The parent-teacher relationship can withstand conversations about poor behavior if we use the right tone of voice and phrases. Here are the six keys to getting through a difficult discussion with Mom or Dad:
1. Start the conversation with a friendly greeting.
2. Stay focused on the issue at hand.
3. Be gentle and speak with a calm voice.
4. Step into the parent’s shoes and consider what they are hearing.
5. Present a positive along with the negative.
6. Provide a task for the parent to complete.
Let’s walk through a scenario.
Six steps that preserve relationships
What happened: Reuben was verbally bullying another boy, making fun of his speech impediment until the victim cried. This is some very tough news to deliver to a parent! But we can do it with professionalism and empathy.
1. Start the conversation with a friendly greeting
“Hi, Mrs. Thomason, this is Sharon Smith, Reuben’s teacher. Did I catch you at a good time to talk?”
Allow the parent to respond before rushing into your reason for calling. Be the calm professional and let Mom absorb the fact that the teacher is calling (which normally is not a good thing). Then continue with a “we’re in this together” statement before she even hears the bad news:
“I need to share with you what happened with Reuben today and let you know how you can help out.”
2. Stay focused on the issue at hand
Provide a succinct statement about everything that occurred. She needs to know the full extent of the incident.
“Reuben was making fun of another boy’s lisp today, and it went on for a while. The other boy finally let me know about it after lunch recess, and Reuben did spend some time in the principal’s office.”
Caution: What does human nature compel us to do when we are trying to sell someone on our point of view? We pile on the reasons, trying to build an assault-proof structure that will stand against any attack. DO NOT DO THIS.
Audio: Example of what NOT to do
3. Be gentle and speak with a calm voice
Always remember that you are talking about a child. Sometimes, in our frustration over behavior and our trepidation about calling parents, this is easy to forget, and we act like we are an attorney delivering closing arguments to convince a jury of a defendant’s guilt.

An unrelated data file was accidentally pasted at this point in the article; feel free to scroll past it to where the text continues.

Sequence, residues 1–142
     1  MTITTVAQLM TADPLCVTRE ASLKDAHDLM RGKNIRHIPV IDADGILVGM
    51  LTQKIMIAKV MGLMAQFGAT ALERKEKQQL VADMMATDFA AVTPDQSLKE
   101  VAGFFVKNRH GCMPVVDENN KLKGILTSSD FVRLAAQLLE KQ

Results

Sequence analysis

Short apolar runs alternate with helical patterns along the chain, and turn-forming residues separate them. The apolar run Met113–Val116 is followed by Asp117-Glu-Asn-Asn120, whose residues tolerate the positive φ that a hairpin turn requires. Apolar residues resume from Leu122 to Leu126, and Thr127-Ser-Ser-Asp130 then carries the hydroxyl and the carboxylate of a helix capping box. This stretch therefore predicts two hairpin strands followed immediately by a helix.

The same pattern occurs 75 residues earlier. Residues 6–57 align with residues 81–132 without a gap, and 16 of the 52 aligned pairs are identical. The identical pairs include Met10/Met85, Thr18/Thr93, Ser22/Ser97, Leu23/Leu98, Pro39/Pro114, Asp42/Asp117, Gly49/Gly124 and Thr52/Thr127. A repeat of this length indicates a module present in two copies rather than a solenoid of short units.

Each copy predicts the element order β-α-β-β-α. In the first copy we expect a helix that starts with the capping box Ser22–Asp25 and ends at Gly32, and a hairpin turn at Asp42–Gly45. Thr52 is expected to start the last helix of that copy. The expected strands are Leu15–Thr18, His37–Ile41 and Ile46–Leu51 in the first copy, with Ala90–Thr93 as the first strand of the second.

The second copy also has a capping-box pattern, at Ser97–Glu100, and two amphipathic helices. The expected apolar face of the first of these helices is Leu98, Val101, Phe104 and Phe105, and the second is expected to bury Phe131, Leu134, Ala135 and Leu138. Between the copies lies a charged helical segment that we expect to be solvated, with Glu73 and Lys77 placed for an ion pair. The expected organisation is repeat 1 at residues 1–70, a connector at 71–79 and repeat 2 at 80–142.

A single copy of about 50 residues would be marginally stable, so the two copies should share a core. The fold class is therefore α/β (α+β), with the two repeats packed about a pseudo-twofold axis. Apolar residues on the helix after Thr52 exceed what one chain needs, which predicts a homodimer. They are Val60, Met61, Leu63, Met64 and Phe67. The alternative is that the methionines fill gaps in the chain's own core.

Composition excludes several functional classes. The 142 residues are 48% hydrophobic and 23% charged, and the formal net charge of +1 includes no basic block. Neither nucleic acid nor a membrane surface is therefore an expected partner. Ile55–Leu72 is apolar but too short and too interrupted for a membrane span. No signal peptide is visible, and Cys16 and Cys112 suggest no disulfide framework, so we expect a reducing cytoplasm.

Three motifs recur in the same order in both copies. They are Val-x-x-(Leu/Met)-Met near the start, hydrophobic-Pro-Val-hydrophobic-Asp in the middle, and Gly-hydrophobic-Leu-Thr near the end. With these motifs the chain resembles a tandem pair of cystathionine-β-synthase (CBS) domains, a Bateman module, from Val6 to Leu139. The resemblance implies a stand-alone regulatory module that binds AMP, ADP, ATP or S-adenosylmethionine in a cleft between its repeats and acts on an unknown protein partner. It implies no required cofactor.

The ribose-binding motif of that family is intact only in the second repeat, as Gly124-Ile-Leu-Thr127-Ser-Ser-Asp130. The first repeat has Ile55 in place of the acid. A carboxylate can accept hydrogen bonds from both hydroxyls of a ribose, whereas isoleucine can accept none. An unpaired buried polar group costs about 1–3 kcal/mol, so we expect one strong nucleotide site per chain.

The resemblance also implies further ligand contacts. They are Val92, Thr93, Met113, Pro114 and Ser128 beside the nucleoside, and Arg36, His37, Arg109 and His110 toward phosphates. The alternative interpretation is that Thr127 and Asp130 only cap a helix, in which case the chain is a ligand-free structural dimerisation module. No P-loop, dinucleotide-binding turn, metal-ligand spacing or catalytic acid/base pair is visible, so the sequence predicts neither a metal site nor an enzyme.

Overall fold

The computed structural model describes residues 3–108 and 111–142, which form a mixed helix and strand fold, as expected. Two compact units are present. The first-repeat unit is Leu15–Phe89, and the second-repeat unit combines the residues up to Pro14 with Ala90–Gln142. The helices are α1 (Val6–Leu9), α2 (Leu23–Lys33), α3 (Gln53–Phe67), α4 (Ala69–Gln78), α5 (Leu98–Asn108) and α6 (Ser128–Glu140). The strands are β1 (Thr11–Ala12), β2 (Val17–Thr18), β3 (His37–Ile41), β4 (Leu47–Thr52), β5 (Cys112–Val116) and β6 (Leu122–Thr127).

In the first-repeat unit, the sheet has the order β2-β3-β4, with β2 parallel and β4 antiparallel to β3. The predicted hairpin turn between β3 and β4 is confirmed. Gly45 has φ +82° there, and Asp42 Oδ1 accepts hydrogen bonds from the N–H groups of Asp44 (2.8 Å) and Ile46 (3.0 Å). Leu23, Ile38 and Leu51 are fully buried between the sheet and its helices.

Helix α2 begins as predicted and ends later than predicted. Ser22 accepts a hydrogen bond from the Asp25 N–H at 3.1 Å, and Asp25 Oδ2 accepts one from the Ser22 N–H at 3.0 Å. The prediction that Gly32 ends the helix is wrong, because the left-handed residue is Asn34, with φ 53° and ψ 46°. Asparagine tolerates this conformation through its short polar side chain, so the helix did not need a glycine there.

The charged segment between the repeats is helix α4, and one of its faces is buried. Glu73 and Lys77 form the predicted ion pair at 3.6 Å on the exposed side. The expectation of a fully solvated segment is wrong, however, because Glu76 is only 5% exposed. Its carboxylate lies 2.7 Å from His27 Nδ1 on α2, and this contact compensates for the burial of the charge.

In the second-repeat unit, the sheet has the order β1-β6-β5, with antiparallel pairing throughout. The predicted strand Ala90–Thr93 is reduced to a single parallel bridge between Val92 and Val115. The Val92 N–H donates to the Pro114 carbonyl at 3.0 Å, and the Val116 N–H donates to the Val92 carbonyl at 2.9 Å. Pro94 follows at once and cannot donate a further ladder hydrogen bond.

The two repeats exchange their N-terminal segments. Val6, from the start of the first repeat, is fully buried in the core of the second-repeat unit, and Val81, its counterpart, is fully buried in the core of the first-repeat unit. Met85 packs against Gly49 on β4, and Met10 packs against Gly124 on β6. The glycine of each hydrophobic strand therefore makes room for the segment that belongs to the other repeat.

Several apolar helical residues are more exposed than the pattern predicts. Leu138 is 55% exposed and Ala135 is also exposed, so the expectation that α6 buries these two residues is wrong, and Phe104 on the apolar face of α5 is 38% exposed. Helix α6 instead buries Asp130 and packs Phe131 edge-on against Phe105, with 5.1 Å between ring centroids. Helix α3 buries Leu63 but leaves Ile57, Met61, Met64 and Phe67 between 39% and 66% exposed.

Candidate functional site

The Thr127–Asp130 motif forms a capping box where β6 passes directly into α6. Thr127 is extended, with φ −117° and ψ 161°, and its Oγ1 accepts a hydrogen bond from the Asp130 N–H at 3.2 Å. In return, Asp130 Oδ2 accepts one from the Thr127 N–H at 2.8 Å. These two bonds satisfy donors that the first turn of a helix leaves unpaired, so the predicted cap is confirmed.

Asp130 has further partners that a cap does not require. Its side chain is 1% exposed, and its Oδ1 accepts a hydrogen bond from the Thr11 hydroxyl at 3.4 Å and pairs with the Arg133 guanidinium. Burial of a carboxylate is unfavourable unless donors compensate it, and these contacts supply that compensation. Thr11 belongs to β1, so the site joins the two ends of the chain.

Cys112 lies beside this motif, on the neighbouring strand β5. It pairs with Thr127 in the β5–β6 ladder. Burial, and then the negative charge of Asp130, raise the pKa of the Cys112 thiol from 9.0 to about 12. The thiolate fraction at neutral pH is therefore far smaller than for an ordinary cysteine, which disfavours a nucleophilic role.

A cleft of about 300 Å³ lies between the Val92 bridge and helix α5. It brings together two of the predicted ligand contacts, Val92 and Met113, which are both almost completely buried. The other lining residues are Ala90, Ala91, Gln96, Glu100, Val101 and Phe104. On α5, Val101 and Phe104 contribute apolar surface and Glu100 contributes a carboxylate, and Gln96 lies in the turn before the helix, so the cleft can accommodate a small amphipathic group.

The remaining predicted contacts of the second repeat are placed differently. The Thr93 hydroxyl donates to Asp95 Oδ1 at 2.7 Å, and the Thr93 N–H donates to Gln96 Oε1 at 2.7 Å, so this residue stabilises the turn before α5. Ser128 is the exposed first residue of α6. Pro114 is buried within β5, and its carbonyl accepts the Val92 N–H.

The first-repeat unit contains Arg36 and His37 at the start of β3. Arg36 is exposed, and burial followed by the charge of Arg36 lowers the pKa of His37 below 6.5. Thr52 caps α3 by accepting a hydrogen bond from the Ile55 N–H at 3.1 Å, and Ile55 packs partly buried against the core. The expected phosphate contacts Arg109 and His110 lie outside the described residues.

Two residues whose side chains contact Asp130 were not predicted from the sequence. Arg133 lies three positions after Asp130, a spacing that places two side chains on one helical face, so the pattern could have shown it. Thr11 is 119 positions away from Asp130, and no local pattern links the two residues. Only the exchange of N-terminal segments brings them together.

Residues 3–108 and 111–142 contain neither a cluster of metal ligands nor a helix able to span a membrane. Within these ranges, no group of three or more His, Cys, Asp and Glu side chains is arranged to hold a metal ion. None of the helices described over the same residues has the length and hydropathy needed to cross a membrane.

Tap very, very lightly. Do not get out the metaphorical sledgehammer and pound on your point, even if you are staying focused on the pertinent issue.
Humans feel the blows of criticism with enhanced sensitivity. Think of your own reaction to anyone – even your best friend – criticizing anything about you. Whether it is your choice of shoes or your choice of spouses, criticism is very hard to take.
Now, imagine your reaction to an authority figure criticizing you – it’s ten times worse to get pointed comments from your boss than gentle comments from a close friend.
So don’t get all psyched up for a call and start delivering knock-out punches. The teacher-parent relationship will not survive such an approach. You need only a couple of concise points, spoken gently, in order for most parents to feel like they are receiving a body blow.
But, just because you are being gentle doesn’t mean you shouldn’t name what happened.
“We had a serious discussion about what bullying is and how it affects other children.”
Notice that the word “bullying” is surround by an assurance that we had a discussion, not a lecture.
4. Step into the parent’s shoes and consider what they are hearing
Put yourself in the place of Mom or Dad. If a teacher calls to complain about your child’s behavior, what do you actually hear? Do you hear:
“Ms. Jones, Lance made some poor choices at lunch today and hit another student.”
Or do you hear:
“Ms. Jones, I think you are a horrible parent.”
When I got a call from preschool about my son knocking over other kids’ blocks (I’m not kidding – this really happened!), it caused me to question my entire mothering ability.
“But I’m a stay-at-home mom!” I said to my husband. “This isn’t supposed to happen! What have I done wrong?”